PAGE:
We covered the hardware hacking challenge from HackTheBox The Needle where we analyzed a Linux firmware using Binwalk tool. Then we used grep and find commands to extract patterns of usernames and passwords and used them to login to the instance and retrieve the flag.
As a part of our SDLC process, we’ve got our firmware ready for security testing. Can you help us by performing a security assessment?
We have two things to do. Start the instance and download the files looks like we have to do some work with device and then connect to the instance. Anyway, so now the description as part.
We’ve got our firmware ready for security testing. Can you help us by performing a security assessment? That’s good. So yeah right now are in the shoes of developer. And you’re gonna need to analyze the code. So when we first download the file, we get the needle dot zip file we extract. Probably so let’s go ahead and download the files. So go to my machine. The underlying files and we get firmware dot binary file. So let’s go ahead and use file command. Alright If you remember closely, we did Photon lockdown Photon lockdown had a Linux image, but it was a squashed.
So Linux kernel executable that image This is something similar to a challenge. We have tackled down before it was let’s go back here.
Root FS squashed file. So we have dealt with that using unsquashed tool to extract the contents or the directories. One of the prominent tools is binwalk and we select the file using-e option. But right now the story is different because here it is Linux kernel AR M. It’s a binary part so much player will need some other tool to analyze this firmware file. We have a directory that has been created.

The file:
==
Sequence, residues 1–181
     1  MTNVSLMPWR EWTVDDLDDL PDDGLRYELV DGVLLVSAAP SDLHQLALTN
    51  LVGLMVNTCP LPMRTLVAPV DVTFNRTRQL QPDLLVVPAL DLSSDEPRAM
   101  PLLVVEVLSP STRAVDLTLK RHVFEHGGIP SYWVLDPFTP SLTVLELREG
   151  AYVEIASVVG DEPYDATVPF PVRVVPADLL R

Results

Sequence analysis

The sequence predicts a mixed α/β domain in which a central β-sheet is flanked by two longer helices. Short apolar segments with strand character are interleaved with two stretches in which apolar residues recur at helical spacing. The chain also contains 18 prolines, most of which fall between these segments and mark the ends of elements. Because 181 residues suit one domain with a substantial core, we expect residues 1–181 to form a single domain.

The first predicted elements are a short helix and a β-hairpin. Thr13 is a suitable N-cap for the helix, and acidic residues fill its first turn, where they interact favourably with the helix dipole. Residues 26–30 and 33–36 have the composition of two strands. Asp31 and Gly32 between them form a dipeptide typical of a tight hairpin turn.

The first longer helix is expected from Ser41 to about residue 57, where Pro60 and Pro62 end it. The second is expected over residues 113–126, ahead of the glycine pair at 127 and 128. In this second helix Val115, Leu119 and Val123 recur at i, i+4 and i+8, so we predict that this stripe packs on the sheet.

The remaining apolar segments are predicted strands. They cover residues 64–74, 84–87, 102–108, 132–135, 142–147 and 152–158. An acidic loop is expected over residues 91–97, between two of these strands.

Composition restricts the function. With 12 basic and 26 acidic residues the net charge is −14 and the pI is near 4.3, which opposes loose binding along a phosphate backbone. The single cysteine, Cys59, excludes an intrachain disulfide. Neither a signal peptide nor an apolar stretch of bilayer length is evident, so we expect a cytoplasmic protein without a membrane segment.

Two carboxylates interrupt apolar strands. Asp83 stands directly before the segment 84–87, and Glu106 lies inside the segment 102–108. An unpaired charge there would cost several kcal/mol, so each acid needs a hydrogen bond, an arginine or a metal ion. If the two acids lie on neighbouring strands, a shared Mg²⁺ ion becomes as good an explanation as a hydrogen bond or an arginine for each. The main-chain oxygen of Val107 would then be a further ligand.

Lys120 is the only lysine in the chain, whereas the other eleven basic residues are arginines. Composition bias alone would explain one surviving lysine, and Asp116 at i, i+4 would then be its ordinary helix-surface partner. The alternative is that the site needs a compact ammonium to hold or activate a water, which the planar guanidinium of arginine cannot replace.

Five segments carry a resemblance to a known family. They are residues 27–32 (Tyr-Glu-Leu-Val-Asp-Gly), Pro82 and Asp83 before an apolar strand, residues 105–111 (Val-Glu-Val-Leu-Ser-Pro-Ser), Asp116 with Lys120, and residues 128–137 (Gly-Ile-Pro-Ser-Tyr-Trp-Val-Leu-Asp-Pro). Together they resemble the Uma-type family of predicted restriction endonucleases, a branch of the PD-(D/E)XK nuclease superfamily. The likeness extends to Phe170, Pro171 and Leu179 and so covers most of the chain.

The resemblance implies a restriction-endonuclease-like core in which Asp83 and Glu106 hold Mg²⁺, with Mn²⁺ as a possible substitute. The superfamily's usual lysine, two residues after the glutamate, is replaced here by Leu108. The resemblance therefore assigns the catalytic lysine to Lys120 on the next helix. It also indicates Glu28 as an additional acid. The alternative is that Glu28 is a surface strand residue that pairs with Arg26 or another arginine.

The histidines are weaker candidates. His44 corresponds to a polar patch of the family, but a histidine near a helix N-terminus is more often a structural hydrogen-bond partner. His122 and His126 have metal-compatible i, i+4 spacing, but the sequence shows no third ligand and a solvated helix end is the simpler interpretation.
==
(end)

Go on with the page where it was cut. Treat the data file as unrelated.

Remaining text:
So it has finished analyzing the file and probably. And here is the directory that has been created. Let’s go ahead.
And open the directory. So it’s not a matter of just submitting the flag from the extracted files. Maybe we have to have somehow extract some username and password and we log into the instance. Let’s let’s start to log into the instance using netcat and see what we get. We have to think a little bit about this challenge as you can see we have an instance running here.
We we need to find a pattern of username and password. Of course, we’re not gonna go ahead and analyze every single file because it’s time-consuming and it is not something flexible. So we have to extract a pattern of username and password. We use the command grep -rn “.” -e login and grep -rn “.” -e Admin
So if this was a Windows system, we would use the find command because but because we are on Linux we can use a grip.
So indeed guys, we have a username, Device_admin, but still we need somehow to find the password.
Let’s try with the command find in the current working directory find . -name sign
Indeed there is a password. So let’s try to log in now to the instance.
This will reveal the password of the username we discovered earlier and we can then login using netcat to retrieve the flag.